Let’s talk information

Acquiring quality information is key to planning a stress-free stay. I’m talking real quality. Skip all tourist agency promo stuff as it is generic and it will harm both your wallet and your experience. We need to know what is the situation in the place you are planning to go.

What kind of information do we need? We will look for:

  • place to stay during the first weekend
  • safe heaven for the rest of the stay
  • source for cheap & quality meals
  • spot to build some personal space work
  • finally – a place to workout

In other words, you will need to gather information needed to build an environment for your daily routines.

First, people who are already there know best. Any inquiries should start with finding local Facebook groups (e.g. Koh Tao Community) or joining one of the nomad communities.  Secondly, there is a fair chance that one of your friends or friend of your friends has already been to the place you are planning to visit. Therefore, a small beer-interrogation wouldn’t be amiss, just ask away and watch the information flow. Lastly, fallback to tripadvisor forums and nomad blogs  [ like this one  😉 ]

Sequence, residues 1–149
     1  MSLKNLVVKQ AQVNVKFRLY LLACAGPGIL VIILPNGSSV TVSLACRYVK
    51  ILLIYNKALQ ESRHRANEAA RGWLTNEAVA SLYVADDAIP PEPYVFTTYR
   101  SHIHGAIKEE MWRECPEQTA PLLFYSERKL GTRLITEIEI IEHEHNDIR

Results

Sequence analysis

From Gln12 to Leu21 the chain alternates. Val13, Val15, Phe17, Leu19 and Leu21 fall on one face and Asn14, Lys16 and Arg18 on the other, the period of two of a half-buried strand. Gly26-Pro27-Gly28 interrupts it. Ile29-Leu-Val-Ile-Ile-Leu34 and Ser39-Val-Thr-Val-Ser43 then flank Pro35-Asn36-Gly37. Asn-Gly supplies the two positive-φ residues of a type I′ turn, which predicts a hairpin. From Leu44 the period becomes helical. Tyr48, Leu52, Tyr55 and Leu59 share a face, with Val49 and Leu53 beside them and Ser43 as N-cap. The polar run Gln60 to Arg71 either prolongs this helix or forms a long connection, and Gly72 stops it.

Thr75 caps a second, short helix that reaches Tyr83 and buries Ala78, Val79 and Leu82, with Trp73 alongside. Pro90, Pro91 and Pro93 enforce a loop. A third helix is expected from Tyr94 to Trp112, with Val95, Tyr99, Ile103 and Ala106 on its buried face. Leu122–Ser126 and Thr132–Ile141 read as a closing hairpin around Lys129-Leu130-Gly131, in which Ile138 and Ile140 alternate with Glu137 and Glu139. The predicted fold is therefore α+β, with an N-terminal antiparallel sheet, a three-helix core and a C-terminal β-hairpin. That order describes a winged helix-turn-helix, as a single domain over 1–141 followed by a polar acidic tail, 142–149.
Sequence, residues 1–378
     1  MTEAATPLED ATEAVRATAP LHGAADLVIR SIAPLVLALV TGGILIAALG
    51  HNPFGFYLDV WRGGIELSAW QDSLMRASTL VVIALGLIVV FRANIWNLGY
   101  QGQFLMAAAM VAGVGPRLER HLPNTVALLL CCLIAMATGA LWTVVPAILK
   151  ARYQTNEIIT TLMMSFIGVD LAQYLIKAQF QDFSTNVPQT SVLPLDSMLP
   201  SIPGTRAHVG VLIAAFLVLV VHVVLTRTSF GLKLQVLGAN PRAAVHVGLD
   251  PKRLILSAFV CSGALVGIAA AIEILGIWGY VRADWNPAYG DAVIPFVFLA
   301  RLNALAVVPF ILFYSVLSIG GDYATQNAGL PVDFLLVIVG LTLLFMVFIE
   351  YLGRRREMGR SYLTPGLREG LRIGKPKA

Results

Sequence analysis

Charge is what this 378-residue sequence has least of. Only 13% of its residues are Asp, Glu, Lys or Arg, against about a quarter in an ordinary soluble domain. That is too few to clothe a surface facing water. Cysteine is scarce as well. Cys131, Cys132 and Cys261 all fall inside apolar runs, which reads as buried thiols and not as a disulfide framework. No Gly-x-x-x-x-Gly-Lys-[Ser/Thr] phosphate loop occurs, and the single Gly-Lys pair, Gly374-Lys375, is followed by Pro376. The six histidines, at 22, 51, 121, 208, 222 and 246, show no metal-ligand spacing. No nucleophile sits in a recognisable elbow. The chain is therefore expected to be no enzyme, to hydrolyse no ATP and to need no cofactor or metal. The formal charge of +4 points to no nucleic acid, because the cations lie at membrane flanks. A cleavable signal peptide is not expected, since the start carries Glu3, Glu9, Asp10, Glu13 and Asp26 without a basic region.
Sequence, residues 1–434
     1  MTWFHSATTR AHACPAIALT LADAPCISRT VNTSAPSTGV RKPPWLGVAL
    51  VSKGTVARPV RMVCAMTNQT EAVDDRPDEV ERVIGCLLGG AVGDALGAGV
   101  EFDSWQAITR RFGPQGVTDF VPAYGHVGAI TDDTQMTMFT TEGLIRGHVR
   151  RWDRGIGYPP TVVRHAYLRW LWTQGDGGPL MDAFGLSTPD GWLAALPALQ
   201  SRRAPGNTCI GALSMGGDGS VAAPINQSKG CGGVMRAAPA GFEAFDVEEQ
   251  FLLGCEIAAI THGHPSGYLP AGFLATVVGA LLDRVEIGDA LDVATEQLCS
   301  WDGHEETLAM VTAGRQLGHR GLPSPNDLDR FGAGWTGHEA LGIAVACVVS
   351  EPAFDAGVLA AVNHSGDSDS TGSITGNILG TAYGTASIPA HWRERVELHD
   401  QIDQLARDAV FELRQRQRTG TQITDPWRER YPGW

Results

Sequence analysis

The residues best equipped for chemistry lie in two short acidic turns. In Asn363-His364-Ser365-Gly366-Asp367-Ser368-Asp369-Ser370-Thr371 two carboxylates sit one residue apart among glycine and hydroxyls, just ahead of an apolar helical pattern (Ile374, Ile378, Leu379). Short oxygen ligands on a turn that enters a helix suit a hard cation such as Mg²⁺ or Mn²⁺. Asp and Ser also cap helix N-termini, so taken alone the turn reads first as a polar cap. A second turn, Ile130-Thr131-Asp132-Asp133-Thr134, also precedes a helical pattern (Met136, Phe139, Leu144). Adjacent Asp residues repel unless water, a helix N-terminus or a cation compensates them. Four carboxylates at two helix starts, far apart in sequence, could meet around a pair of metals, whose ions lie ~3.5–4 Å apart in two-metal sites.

“Before you leave the airport” checklist

Before we will get to selecting a good place for your first 48 hours, let’s talk about the airport. There are three things you ought to have before leaving the baggage pickup and lobby. Without them you are prone to losing both time and money. Information and items listed below are  a small fortune on their own:

SIM card

  • Double-check which operator is recommended by other travellers in a given area; use nomad communities and forums

List of local scams